Councillors swing on the Breeze decision
BREAKING: A motion to simply ratify after-the-fact changes to the development approval of a Mooloolaba high-rise project has been rejected 6-3 by Sunshine Coast Council.
Cr Greg Rogerson had wanted his colleagues to reject a recommendation from planning officers to allow some but not all of the changes which don't accord with the approval.
A motion put by Town Planning portfolio councillor Christian Dickson to reject all the changes has also been defeated but by the closer margin of 5-4.
The Mayor Mark Jamieson and Division Eight Cr Jason O'Pray have been absent for the vote and the discussion.
Cr Rogerson was ruled to have got to his feet first ahead of Cr Dickson and was allowed to put his motion first.
Councillors are now debating a fresh motion which seeks to alter some of the planning officer recommendations relating to landscaping and the building's balustrade design.
Doubts raised over what council actually approved
DEVELOPER Aria proposed a site coverage for its Mooloolaba Breeze apartments well in excess of planning scheme limits based on what it described as an "exceptional design outcome for the site" which would positively contribute to the local area.
Sunshine Coast Council will decide today whether what was ultimately built delivered that outcome and also complied with the approval granted for the development.
A planning department report into an application from the developer for a "permissible change of use" to bring the development approval into line with the nine-storey building that now sits on the Esplanade at Mooloolaba, has found partly in favour of the developer.
However it has recommended some of the changes made to what was approved are not acceptable.
The report recommends councillors reject approval of those elements, a position it says will ultimately result in the matter being decided in the Planning and Environment Court at a minimum cost of $50,000.
The initial development application sought a site coverage of 65%, an amount well in excess of the planning scheme maximum of 40% and representing a windfall of 2485 sq metres more floor area over the building's nine floors.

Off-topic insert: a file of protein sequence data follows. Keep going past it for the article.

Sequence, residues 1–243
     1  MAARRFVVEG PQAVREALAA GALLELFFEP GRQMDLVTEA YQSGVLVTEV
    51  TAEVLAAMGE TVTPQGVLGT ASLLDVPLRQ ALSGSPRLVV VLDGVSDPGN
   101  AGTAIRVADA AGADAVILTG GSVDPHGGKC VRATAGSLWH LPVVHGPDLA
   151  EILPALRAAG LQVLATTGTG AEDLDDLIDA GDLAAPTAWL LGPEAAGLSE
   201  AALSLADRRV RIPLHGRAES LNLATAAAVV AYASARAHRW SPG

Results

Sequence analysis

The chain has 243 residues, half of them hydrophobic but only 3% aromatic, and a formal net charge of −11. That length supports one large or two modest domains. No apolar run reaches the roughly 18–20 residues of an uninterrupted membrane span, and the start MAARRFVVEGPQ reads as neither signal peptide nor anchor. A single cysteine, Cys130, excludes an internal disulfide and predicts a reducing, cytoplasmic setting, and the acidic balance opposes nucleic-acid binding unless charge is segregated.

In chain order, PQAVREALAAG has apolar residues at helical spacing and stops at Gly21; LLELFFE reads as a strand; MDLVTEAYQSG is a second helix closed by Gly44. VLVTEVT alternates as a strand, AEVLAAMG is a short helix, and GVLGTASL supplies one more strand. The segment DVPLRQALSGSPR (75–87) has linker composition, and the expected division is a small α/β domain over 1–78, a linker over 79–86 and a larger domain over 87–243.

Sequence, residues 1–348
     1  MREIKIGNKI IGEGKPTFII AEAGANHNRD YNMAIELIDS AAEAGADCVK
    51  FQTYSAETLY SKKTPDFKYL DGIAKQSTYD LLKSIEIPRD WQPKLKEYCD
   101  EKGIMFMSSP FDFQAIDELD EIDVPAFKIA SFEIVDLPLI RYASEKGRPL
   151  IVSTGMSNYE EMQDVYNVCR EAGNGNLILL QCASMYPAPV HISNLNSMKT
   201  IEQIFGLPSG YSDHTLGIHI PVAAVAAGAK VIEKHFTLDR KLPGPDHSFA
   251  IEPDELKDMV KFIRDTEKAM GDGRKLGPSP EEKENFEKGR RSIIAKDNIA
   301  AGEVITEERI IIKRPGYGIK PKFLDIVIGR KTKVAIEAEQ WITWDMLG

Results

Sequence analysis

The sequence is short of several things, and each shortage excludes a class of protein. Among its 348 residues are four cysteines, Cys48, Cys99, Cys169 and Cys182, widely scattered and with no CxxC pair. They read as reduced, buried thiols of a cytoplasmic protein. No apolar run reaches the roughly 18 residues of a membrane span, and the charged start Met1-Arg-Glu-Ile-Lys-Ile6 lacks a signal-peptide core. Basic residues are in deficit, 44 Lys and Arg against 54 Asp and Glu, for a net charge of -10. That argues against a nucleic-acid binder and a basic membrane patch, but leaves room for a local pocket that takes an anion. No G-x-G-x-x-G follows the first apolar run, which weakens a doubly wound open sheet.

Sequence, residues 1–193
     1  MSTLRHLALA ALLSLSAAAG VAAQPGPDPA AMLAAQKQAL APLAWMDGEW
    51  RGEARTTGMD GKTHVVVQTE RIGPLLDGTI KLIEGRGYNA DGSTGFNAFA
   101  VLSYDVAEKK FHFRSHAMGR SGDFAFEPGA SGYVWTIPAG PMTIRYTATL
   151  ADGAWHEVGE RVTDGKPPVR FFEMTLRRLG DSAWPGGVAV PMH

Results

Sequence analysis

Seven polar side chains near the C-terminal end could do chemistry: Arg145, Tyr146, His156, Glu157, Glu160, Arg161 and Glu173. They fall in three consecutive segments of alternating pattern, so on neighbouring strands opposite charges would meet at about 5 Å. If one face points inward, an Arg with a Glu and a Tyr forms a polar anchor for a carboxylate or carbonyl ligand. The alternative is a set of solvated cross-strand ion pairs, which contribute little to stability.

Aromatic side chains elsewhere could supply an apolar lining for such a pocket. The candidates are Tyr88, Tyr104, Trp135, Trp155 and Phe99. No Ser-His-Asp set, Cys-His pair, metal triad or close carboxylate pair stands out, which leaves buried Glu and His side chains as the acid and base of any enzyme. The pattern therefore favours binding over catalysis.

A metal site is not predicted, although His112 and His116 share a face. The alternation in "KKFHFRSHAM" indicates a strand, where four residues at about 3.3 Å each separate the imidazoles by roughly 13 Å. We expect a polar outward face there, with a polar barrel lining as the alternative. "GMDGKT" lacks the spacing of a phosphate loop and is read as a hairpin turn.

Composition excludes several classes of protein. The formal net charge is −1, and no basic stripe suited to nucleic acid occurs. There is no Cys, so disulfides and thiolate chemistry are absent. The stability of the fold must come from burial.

Analysis of the completed building shows it does occupy 65% of the 993 sq metre site bordered by the Esplanade, Meta Street and First Avenue.
The developer is emphatic it has not exceeded the site cover approval it was granted.
However the 2014 planning department report to council detailing the development's approval lists the site coverage at 56%.
And a planning department report produced this year into an initial application from the developer in June to vary the approval also lists the site coverage as 56%.
The report further stated "the original application's compliance with the Planning Scheme requirements relating to bulk, scale and setbacks was marginal and was only supported on the basis of the design outcomes, and was at the upper limits of officer's discretion to support the application".
The council yesterday ignored questions asking for definition of the upper limits of a delegated officer's discretion.
It also failed to address questions in relation to the apparent site coverage discrepancy.
The issue of site coverage is not the subject of the report to be considered by councillors today.
In its 2014 development application Aria stated "The proposal has a site cover of about 65%. While this exceeds the acceptable outcome, the development provides an exceptional design outcome for the site, will positively contribute to the local area, and will not compromise the performance outcome. The siting and design of the building allows for spaces and landscapes between buildings; which is achieved due to the site having three street frontages and the existing adjoining development to the south-east being setback about 6m from the common boundary. Sufficient area at ground level is provided for communal open space, site facilities, resident and visitor parking, landscapes and maintenance of a residential streetscape."
An independent architect's assessment to be considered today was not as flattering although it found some of the changes to the original approval could be deemed to have met the desired performance outcome.
Town Planning head Cr Christian Dickson has called for his fellow councillors to reject the developer's application saying the rules were the rules.
Meanwhile the council will not consider any potential prosecution of a breach of Section 580 of the Sustainable Planning Act until after today's matters are determined.
Section 580 of the Sustainable Planning Act (Compliance with a Development Approval) states "A person must not contravene a development approval, including any condition in the approval".
A statement yesterday attributed to a council spokesman said: "Tomorrow's report is about a formal DA application to Change an Approval. It is not about an assessment of other claims, or about legal advice on actions which might be taken. Any legal action that council chooses to take will be discussed on the basis of confidential legal advice at some time after the DA request is dealt with."